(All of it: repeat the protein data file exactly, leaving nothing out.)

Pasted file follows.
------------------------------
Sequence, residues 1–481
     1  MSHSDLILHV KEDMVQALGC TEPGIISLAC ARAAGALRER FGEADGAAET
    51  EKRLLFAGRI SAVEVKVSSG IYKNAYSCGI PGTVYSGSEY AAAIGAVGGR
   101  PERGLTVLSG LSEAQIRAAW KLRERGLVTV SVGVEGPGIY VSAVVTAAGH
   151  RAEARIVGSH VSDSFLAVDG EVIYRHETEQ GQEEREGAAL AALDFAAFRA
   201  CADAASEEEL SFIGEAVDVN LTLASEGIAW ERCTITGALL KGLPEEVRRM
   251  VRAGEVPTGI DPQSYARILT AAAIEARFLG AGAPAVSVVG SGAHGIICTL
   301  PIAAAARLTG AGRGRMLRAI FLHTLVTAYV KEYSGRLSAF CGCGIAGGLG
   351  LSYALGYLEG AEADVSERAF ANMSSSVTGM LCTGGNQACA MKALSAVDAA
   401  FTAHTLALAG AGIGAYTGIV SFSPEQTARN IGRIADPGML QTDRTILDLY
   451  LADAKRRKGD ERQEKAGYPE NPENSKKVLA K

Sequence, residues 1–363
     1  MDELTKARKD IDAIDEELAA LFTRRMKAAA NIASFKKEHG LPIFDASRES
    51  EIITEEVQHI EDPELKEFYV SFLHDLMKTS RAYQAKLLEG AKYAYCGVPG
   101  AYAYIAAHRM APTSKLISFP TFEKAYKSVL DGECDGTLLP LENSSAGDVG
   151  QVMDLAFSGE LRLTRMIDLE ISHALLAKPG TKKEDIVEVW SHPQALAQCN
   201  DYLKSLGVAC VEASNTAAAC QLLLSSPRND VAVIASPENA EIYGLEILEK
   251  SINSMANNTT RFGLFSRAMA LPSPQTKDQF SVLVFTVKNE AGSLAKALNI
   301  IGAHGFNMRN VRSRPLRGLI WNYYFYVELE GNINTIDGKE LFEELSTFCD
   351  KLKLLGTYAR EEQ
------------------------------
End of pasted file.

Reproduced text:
Sequence, residues 1–481
     1  MSHSDLILHV KEDMVQALGC TEPGIISLAC ARAAGALRER FGEADGAAET
    51  EKRLLFAGRI SAVEVKVSSG IYKNAYSCGI PGTVYSGSEY AAAIGAVGGR
   101  PERGLTVLSG LSEAQIRAAW KLRERGLVTV SVGVEGPGIY VSAVVTAAGH
   151  RAEARIVGSH VSDSFLAVDG EVIYRHETEQ GQEEREGAAL AALDFAAFRA
   201  CADAASEEEL SFIGEAVDVN LTLASEGIAW ERCTITGALL KGLPEEVRRM
   251  VRAGEVPTGI DPQSYARILT AAAIEARFLG AGAPAVSVVG SGAHGIICTL
   301  PIAAAARLTG AGRGRMLRAI FLHTLVTAYV KEYSGRLSAF CGCGIAGGLG
   351  LSYALGYLEG AEADVSERAF ANMSSSVTGM LCTGGNQACA MKALSAVDAA
   401  FTAHTLALAG AGIGAYTGIV SFSPEQTARN IGRIADPGML QTDRTILDLY
   451  LADAKRRKGD ERQEKAGYPE NPENSKKVLA K

Sequence, residues 1–363
     1  MDELTKARKD IDAIDEELAA LFTRRMKAAA NIASFKKEHG LPIFDASRES
    51  EIITEEVQHI EDPELKEFYV SFLHDLMKTS RAYQAKLLEG AKYAYCGVPG
   101  AYAYIAAHRM APTSKLISFP TFEKAYKSVL DGECDGTLLP LENSSAGDVG
   151  QVMDLAFSGE LRLTRMIDLE ISHALLAKPG TKKEDIVEVW SHPQALAQCN
   201  DYLKSLGVAC VEASNTAAAC QLLLSSPRND VAVIASPENA EIYGLEILEK
   251  SINSMANNTT RFGLFSRAMA LPSPQTKDQF SVLVFTVKNE AGSLAKALNI
   301  IGAHGFNMRN VRSRPLRGLI WNYYFYVELE GNINTIDGKE LFEELSTFCD
   351  KLKLLGTYAR EEQ